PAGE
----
Tribes Trauma and Trust

by Vicki Beeching

Published on Nov 13, 2015

Vicky Beeching is an Oxford-educated theologian, broadcaster, keynote speaker, LGBT activist & diversity consultant. 

An out, gay Christian, she works at the intersection of LGBT equality and faith, campaigning to make religion a more welcoming place for LGBT people and allies. 

Her work in this field has been highly regarded, with a Number 3 placement on the Independent’s ‘Rainbow List’, Stonewall’s Hero of the Year nomination, a National Diversity Award nomination for Faith Role Model and the Guardian describing her as “arguably the most influential Christian in her generation” due to the effects her coming out has had on the church in the UK and USA.

Vicki Beeching is a courageous and brilliant communicator.  In this Video, Vicki talks about Tribes, Trauma and Trust.  She talks about home, belonging, being comfortable in her own skin and her journey with homosexuality.

“Home is not the building you live in, home is the place where you feel”.

She recalls sitting in a church service where the pastor got up to speak up about “The Devils plan to destroy humanity was the great evil of homosexuality”.   As a worship pastor she would then often have to get up and sing.  She struggled constantly with her christianity and her sexuality.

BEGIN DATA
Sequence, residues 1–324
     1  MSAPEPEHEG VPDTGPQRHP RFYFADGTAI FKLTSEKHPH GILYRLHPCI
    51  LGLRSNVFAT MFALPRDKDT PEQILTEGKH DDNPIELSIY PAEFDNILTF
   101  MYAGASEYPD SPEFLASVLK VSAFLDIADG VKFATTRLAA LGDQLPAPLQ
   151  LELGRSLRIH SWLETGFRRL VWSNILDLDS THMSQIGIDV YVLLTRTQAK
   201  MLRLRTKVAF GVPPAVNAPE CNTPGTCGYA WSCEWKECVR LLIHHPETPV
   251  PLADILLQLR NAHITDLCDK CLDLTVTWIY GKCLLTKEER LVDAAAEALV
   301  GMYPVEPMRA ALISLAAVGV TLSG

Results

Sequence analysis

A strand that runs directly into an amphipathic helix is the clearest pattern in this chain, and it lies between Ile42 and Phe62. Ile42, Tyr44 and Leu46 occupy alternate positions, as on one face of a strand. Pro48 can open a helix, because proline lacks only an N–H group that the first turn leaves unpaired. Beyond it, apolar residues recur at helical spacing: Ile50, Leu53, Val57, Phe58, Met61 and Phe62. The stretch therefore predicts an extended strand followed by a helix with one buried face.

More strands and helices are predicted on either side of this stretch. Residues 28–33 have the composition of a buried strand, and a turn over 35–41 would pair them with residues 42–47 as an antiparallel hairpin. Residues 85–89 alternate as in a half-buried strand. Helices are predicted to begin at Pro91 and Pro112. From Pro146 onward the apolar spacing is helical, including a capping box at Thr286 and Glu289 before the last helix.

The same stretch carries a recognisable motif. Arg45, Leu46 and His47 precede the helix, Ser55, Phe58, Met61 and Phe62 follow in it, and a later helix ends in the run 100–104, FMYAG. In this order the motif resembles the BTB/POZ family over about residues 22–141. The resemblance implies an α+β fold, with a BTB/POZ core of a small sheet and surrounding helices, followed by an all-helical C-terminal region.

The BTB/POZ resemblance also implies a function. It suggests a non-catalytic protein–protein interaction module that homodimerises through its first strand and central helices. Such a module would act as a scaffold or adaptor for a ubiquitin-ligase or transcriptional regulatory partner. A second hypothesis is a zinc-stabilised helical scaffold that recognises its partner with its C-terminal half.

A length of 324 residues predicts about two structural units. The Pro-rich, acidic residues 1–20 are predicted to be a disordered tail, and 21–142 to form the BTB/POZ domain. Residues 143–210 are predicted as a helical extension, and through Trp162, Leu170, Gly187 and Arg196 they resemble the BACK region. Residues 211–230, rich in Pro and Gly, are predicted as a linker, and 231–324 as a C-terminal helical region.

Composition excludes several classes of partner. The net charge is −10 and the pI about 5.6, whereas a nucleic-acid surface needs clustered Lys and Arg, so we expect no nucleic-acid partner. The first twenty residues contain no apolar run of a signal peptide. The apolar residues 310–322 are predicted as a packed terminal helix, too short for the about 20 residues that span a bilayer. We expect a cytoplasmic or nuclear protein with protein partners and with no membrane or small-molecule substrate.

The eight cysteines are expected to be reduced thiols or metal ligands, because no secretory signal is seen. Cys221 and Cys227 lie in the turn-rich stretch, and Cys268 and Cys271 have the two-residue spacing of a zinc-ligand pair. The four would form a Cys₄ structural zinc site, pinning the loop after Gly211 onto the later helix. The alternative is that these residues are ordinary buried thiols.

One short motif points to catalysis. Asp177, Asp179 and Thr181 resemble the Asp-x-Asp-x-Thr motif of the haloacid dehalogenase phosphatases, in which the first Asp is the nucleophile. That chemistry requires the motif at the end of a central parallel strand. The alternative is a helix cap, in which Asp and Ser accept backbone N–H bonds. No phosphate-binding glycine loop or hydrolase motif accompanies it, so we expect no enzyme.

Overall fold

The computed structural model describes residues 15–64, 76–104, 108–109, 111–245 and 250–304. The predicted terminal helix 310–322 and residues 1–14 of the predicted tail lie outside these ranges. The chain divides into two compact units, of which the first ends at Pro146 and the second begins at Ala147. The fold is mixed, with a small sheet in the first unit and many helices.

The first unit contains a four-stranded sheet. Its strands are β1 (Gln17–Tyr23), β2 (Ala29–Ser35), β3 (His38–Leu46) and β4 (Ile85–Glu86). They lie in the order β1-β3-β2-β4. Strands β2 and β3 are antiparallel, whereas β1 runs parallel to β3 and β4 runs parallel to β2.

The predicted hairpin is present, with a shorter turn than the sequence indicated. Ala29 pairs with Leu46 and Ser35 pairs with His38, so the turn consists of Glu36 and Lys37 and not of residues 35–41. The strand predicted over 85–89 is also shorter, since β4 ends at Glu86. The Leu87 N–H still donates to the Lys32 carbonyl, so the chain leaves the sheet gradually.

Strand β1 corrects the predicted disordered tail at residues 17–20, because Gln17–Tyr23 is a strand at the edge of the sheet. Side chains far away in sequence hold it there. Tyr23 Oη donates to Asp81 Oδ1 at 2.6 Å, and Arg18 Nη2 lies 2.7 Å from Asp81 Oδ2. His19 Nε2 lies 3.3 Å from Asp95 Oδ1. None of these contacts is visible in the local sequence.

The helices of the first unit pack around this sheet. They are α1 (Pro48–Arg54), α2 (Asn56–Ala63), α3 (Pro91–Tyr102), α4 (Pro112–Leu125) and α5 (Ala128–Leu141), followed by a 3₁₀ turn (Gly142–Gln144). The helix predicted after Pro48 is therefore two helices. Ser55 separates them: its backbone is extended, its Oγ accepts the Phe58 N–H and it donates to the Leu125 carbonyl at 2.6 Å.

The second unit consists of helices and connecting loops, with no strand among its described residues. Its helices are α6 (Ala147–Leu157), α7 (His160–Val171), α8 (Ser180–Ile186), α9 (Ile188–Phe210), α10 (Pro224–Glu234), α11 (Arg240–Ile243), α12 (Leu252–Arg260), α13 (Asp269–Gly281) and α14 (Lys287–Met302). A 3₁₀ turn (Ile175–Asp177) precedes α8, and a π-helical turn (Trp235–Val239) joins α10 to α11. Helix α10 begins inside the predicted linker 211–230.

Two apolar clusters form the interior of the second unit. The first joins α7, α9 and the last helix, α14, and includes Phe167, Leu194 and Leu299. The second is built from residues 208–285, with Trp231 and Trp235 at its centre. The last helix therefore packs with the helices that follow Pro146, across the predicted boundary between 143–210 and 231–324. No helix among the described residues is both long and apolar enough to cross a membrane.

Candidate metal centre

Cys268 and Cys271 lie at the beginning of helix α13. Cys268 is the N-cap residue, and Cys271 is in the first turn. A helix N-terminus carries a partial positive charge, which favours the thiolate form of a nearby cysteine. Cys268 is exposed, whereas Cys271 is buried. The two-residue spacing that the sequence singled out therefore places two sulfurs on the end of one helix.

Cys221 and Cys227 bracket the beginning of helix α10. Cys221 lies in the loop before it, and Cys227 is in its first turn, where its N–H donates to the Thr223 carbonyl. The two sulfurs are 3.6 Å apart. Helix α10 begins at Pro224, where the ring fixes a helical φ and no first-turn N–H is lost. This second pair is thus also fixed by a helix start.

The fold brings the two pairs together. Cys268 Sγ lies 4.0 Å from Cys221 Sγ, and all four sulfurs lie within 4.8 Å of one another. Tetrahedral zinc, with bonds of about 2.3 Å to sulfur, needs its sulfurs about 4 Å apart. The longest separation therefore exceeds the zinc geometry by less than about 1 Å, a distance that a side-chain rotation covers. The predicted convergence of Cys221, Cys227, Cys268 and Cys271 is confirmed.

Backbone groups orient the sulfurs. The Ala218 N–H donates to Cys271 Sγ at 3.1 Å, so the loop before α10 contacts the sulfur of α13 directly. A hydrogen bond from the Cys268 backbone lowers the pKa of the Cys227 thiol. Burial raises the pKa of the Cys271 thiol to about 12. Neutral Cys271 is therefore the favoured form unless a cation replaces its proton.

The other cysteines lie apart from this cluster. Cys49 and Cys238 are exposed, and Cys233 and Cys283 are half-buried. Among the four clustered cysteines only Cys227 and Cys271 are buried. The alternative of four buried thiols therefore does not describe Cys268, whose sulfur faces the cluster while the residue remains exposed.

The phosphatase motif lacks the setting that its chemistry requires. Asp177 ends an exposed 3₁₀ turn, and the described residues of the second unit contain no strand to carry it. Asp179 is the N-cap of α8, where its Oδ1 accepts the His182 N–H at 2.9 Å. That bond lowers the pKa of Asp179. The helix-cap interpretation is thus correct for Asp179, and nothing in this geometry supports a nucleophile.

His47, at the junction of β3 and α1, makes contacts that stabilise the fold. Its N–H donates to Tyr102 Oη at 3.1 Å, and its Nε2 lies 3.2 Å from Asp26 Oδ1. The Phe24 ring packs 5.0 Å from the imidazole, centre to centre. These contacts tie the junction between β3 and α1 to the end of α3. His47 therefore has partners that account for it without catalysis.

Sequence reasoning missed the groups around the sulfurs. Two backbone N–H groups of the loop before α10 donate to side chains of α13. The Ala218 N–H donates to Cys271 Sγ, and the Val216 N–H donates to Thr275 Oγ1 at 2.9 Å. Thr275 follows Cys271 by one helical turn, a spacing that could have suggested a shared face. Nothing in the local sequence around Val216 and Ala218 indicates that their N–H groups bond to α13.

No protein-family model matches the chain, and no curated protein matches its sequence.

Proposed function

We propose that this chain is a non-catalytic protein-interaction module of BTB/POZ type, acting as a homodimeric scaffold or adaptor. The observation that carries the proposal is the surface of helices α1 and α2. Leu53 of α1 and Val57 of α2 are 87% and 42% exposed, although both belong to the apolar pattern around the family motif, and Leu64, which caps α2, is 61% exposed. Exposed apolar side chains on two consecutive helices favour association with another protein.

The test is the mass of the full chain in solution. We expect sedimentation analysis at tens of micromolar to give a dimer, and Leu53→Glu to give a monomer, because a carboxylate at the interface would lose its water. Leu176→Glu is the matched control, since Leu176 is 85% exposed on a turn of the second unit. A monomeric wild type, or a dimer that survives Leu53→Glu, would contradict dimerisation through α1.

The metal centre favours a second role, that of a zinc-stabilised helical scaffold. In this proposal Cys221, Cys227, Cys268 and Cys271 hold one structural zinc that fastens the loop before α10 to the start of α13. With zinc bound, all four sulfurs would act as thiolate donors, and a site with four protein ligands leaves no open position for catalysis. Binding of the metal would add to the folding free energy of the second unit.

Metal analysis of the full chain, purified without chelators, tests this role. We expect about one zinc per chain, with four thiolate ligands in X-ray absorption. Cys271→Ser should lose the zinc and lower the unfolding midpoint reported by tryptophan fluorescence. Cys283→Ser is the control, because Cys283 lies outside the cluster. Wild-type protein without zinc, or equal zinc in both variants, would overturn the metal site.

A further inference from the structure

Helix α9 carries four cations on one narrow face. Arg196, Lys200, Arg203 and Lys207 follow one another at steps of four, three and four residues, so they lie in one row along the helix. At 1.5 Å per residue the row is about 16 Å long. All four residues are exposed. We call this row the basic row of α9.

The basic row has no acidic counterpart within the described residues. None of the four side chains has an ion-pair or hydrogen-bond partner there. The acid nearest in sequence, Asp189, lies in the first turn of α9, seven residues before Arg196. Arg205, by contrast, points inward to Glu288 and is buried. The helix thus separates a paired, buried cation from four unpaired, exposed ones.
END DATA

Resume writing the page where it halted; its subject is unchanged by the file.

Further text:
Click below to hear message:

This is the Keynote message by Vicky Beeching at the Reformation Project in Kansas City, Saturday, November 7, 2015.

 

God is the person that I went TO with my pain and suffering rather than away from – this created a great foundation for my future relationship with God and the future trauma that I would suffer.

 

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2 Comments on “Tribes Trauma and Trust

  1. I am a recovering homophobic Pentecostal Christian. And as such I have had to confess my sin and repent. Homosexual people do not choose to be homosexual or even bi sexual, they just are. I have come to understand that being homosexual is not the result of personal sin, but rather the result of living and being affected by this world’s brokenness, which affects us all. The value of a person is never determined by their sexual orientation, but by the quality of their character.

    Liked by 1 person

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